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Ethics in Cardiopulmonary Medicine |

Informed Consent for Medical Procedures*: Local and National Practices

Constantine A. Manthous; Angela DeGirolamo; Christopher Haddad; Yaw Amoateng-Adjepong
Author and Funding Information

*From the Pulmonary and Critical Care Department, Bridgeport Hospital and Yale University School of Medicine, Bridgeport, CT.

Correspondence to: Constantine A. Manthous, MD, FCCP, Bridgeport Hospital, 267 Grant St, Bridgeport, CT 06610; e-mail: pcmant@bpthosp.org



Chest. 2003;124(5):1978-1984. doi:10.1378/chest.124.5.1978
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Background: No studies have assessed whether clinicians obtain informed consent for invasive medical procedures, and there are no explicit national standards to guide the process.

Hypothesis: Informed consent practices are inconsistent for commonly performed invasive medical procedures.

Methods: A simple questionnaire was electronically mailed and/or faxed to training program directors of critical care medicine and internal medicine departments, and to ICU directors in the state of Connecticut. The questionnaire listed common invasive medical procedures and asked the respondents to check those for which practitioners routinely obtain informed consent in their hospital.

Results: The three samples, national intensivists (88 respondents), Connecticut intensivists (29 respondents), and national internists (56 respondents) demonstrated heterogeneity of consenting practices. The rate of obtaining consent for common vascular access procedures ranged from 20 to 90%. The rates of obtaining consent for Foley catheterization and nasogastric intubation were uniformly < 10%, and those for endoscopic procedures were > 90%. Separate consent (beyond the general consent to treat) was not uniformly obtained for the transfusion of blood products (range, 74 to 93%) and common diagnostic medical procedures (eg, thoracentesis, paracentesis, or lumbar puncture; range, 77 to 96%). Surgical intensivists reported that the obtaining of consent for invasive procedures was less routine compared to medical intensivists. Lower rates of consent were noted by those respondents who used a “blanket” consent form, which was signed at the time of hospital admission, to cover subsequent procedures.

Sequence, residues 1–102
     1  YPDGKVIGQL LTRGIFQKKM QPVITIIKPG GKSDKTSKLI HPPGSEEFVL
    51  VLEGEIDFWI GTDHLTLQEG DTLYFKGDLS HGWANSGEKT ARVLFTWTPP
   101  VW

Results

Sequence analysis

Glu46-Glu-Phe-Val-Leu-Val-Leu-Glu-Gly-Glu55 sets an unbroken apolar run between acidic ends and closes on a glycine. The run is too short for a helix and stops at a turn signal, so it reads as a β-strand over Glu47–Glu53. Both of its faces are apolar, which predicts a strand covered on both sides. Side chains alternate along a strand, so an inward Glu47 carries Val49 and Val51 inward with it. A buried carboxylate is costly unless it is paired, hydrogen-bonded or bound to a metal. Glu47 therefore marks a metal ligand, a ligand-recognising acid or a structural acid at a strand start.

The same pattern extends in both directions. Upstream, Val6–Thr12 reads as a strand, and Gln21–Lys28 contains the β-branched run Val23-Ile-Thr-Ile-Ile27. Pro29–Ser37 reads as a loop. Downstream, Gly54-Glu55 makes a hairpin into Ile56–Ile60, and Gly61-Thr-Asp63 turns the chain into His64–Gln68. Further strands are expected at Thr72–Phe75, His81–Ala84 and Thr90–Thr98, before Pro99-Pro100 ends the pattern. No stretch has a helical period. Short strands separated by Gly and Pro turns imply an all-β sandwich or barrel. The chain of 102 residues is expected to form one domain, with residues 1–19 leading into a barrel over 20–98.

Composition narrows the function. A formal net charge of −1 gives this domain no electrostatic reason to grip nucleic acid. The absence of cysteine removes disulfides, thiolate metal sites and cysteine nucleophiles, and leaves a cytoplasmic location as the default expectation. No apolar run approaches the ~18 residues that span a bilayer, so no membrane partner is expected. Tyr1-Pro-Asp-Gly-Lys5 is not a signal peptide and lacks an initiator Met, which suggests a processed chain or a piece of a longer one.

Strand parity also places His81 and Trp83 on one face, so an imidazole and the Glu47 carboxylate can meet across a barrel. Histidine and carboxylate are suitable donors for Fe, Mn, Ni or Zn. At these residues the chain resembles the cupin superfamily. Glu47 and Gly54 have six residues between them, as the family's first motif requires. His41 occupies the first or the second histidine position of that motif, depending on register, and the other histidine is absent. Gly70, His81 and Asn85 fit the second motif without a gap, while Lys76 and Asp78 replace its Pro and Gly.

Conclusions: In this relatively small sample, there was no uniform practice of informed consent for commonly performed invasive medical procedures. Consent was routinely obtained for GI endoscopy, bronchoscopy, and medical research, and was not obtained for Foley catheterization and nasogastric intubation. The obtaining of consent for vascular cannulation and diagnostic procedures was not routine in the ICUs of a substantial number of respondents. Explicit standards that delineate specifically which procedures require consent may be required to assure more uniform practices.


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